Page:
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  7. Criminal Proof: Fixed or Flexible?Lewis Ross - 2023 - Philosophical Quarterly (4):1-23.
    Should we use the same standard of proof to adjudicate guilt for murder and petty theft? Why not tailor the standard of proof to the crime? These relatively neglected questions cut to the heart of central issues in the philosophy of law. This paper scrutinises whether we ought to use the same standard for all criminal cases, in contrast with a flexible approach that uses different standards for different crimes. I reject consequentialist arguments for a radically flexible standard of proof, (...)
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  8. AI and the expert; a blueprint for the ethical use of opaque AI.Amber Ross - forthcoming - AI and Society:1-12.
    The increasing demand for transparency in AI has recently come under scrutiny. The question is often posted in terms of “epistemic double standards”, and whether the standards for transparency in AI ought to be higher than, or equivalent to, our standards for ordinary human reasoners. I agree that the push for increased transparency in AI deserves closer examination, and that comparing these standards to our standards of transparency for other opaque systems is an appropriate starting point. I suggest that a (...)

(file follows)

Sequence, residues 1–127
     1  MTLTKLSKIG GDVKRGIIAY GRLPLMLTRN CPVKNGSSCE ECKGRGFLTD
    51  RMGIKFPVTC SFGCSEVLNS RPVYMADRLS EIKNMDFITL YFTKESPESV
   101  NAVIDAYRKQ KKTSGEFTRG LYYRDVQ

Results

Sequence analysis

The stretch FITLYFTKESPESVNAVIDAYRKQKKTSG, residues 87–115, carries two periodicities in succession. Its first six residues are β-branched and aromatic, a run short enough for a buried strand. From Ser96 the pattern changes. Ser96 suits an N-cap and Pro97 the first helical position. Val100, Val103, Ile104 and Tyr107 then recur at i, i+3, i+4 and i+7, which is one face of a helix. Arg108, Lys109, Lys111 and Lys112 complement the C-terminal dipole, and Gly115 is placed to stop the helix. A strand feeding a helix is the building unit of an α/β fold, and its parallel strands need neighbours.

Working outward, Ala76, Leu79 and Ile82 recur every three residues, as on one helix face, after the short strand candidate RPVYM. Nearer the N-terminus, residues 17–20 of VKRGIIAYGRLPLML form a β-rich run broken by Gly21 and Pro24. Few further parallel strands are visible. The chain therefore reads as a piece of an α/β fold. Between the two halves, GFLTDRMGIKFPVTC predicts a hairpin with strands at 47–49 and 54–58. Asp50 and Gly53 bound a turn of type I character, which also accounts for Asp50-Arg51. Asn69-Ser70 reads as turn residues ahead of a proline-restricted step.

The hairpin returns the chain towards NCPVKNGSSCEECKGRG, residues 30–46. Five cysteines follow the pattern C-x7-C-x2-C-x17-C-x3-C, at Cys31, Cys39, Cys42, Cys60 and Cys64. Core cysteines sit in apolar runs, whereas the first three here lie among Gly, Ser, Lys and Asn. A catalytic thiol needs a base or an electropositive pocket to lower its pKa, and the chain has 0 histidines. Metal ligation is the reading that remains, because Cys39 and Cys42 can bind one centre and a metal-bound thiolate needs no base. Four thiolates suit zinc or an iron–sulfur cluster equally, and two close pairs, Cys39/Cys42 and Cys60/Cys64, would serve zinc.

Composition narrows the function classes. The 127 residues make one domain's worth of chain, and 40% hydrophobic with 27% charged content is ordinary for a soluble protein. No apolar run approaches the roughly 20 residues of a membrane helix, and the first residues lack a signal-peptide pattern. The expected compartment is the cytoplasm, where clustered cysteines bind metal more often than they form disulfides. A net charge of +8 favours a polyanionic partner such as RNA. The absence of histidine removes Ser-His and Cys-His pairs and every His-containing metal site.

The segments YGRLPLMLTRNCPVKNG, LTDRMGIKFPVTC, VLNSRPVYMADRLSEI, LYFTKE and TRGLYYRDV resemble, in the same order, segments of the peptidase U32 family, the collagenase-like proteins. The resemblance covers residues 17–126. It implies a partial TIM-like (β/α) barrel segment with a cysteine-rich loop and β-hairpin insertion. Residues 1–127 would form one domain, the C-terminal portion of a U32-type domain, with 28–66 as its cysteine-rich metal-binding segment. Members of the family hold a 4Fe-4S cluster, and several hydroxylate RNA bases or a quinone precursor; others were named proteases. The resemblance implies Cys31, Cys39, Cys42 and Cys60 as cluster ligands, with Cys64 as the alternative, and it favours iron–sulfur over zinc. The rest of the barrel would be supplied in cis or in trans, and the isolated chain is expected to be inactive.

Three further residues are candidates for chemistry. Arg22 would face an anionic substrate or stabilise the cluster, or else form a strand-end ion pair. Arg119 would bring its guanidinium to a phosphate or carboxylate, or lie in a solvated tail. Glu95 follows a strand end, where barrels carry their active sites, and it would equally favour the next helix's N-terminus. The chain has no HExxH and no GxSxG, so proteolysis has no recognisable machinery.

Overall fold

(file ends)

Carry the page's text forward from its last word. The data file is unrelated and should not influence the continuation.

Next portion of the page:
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  9. Neo-Aristotelian Plenitude.Ross Inman - 2014 - Philosophical Studies 168 (3):583-597.
    Plenitude, roughly, the thesis that for any non-empty region of spacetime there is a material object that is exactly located at that region, is often thought to be part and parcel of the standard Lewisian package in the metaphysics of persistence. While the wedding of plentitude and Lewisian four-dimensionalism is a natural one indeed, there are a hand-full of dissenters who argue against the notion that Lewisian four-dimensionalism has exclusive rights to plentitude. These ‘promiscuous’ three-dimensionalists argue that a temporalized version (...)